Road diets and car clouds: Shaping the driverless city
By John Eddy
October 8, 2014
Like the space race of the 1960s, the competitive sprint to develop a driverless car is well underway. As start-ups, major companies, and the automotive industry hurry toward production, public conversation has largely focused on the technological innovations that allow for an autonomous vehicle.
With advances in assembly, safety trials, and implementation, designers of the built environment must also explore how this new technology will affect the structure of our cities and the routine of our daily lives.
To an astounding degree, the technology needed for driverless cars is already being developed. Google is currently engineering a 100-vehicle fleet without steering wheels, gas pedals, gear shifts, or brakes. This summer, Bay Area start-up Cruise offered 50 preorders for kits that provide newer Audi models with an autopilot mode for highways. Both use a combination of sensors and mounted radar and camera technology to measure distance and respond to the environment. Although the vehicles and systems are taking different forms, most major automobile manufacturers are developing an autonomous driving system.
Developers of driverless technology are working with lawmakers and legislators to ensure that policy keeps pace with technology and to allow efficient testing, operation, and improvement. Public officials are taking these advances seriously, redefining regulation to reflect new forms of mobility and maintain safety standards. California, Florida, and Nevada now have laws that permit autonomous vehicles.
Just as the technology for autonomous vehicles necessitates policy changes, driverless cars will have unavoidable implications for the built environment and for the people navigating through it.
The most significant changes in the movement of people and goods through our cities will come from the convergence of this technology with other emerging trends: car sharing, big data, electric and other forms of propulsion technology, and increasing intermodal connectivity among transit forms.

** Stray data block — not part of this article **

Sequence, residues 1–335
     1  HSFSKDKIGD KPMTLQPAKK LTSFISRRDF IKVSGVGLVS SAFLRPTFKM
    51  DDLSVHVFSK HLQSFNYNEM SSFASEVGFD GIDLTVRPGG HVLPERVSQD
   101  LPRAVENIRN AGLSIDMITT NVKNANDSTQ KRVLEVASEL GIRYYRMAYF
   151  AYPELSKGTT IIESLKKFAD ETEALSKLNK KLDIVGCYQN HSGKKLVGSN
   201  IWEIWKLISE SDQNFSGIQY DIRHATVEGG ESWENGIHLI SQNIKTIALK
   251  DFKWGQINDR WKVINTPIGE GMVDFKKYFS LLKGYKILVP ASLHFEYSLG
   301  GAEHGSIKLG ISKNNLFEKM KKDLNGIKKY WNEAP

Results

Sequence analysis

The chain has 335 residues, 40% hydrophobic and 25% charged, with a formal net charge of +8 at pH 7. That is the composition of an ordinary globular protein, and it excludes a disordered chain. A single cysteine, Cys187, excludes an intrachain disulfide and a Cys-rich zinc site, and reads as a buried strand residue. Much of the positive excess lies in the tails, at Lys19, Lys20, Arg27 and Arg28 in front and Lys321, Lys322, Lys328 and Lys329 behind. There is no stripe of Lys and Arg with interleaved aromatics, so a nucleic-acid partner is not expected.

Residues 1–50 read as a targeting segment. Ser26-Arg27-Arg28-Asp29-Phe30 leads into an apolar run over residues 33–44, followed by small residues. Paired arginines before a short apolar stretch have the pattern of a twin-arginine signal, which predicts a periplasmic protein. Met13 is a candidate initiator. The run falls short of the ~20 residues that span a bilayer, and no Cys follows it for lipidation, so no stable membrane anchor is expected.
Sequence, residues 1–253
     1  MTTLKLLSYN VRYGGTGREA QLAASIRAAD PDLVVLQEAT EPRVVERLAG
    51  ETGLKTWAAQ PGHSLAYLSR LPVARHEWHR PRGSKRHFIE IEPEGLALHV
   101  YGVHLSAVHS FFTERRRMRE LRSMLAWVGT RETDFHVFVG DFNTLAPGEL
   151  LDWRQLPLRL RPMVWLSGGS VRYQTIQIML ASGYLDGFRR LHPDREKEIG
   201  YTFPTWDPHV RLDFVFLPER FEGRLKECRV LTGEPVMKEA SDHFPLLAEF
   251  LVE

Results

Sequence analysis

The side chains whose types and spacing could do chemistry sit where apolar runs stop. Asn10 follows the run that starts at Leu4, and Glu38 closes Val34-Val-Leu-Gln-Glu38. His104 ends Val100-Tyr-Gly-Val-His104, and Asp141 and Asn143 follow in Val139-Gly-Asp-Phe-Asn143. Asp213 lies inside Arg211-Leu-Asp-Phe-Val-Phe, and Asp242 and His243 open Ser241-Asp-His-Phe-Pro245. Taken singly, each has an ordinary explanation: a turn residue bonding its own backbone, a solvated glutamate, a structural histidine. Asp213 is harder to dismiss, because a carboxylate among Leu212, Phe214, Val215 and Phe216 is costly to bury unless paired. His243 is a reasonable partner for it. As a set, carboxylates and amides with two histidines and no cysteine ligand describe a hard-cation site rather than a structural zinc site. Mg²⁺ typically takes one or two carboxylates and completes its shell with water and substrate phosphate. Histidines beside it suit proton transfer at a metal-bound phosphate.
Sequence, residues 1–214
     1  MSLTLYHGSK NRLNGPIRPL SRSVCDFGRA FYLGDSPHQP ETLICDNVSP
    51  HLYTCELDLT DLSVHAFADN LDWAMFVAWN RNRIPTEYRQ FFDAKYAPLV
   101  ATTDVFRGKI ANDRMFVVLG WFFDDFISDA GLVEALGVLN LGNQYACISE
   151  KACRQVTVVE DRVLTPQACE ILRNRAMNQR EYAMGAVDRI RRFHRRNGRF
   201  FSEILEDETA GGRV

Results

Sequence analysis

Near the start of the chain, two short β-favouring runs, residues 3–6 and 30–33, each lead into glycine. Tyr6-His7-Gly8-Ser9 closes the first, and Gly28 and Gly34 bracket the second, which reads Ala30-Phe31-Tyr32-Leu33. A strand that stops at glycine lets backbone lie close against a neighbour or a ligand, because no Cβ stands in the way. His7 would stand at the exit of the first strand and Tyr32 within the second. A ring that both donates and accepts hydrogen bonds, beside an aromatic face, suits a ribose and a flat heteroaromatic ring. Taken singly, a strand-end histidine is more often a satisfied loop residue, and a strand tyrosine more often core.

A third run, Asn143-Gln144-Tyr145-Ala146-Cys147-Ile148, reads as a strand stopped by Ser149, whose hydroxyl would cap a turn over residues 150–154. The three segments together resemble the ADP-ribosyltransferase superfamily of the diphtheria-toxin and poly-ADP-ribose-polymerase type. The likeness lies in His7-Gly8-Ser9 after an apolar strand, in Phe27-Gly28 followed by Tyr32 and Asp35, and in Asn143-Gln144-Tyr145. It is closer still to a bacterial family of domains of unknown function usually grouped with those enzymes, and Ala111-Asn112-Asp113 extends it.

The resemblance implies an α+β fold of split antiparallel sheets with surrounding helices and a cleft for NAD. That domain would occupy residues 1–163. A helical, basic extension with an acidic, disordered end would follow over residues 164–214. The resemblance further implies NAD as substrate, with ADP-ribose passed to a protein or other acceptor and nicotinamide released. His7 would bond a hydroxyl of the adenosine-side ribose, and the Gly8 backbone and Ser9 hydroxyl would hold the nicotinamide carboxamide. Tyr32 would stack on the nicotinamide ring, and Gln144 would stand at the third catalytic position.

Together these phenomena will fundamentally alter the way urban information is collected and communicated. From traffic density to the precise location of newly formed potholes, the maps of our cities will be rich with ever-evolving data.
Driverless technology will affect the way we move objects as well as people, changing the provision of services such as goods delivery, street cleaning, and waste management. Our vehicles — which may be cars, trucks, buses, or specialized forms that we have yet to imagine — will become increasingly safe, light, and efficient.
Certain changes to the built environment are immediately inevitable, and others will be constrained as long as humans, with limited vision and reaction times, are still driving on our roads. For as long as autonomous and traditional drivers share the road, we will still need regulatory and safety measures such as traffic lights, full-stop intersections, and curbs on urban streets. But an environment where all vehicles are autonomous — whether through dedicated lanes, full roads, or zones of a city — could look very different.
In urban areas, driverless taxis will dramatically reduce the demand for city-center parking but will also increase the need for passenger drop-off and pick-up zones outside of buildings. Driverless buses, freight, and service vehicles may further contribute to the need for road lanes to be dedicated to specific speeds or purposes.
Decreased noise and emissions may allow buildings to open up more to the surrounding environment. And when individual deliveries for recipients across the city are bundled and optimized in a constant flow of on-demand movement, buildings may no longer have discrete pedestrian entries and freight loading zones, but a different relationship with the street altogether.
Suburban areas will undergo different changes as a result of driverless vehicles. With fewer garages and driveways, we can imagine new uses of that space and rethink the way our homes interface with the surrounding community. Questions surrounding office park design are equally open-ended — with a larger proportion of real estate traditionally devoted to parking, the corporate campus of the future could become an open green space or more urbanized.
Thoughtful observers have started to identify questions of critical importance for the future of the built environment. With driverless cars dropping off passengers and repositioning for their next trip, we expect overall vehicle miles to increase, but will the convenience, access, and efficiency of autonomous vehicles increase the overall passenger miles traveled? Will it increase sprawl? Will related measures such as dynamic pricing based on time of day, location, or vehicle type actually increase the inequality in mobility? Engineers and planners at Arup are collaborating with technology developers, policymakers, and academics to explore these questions, visualizing and shaping the future of the driverless world.
This article has been edited since its original publication.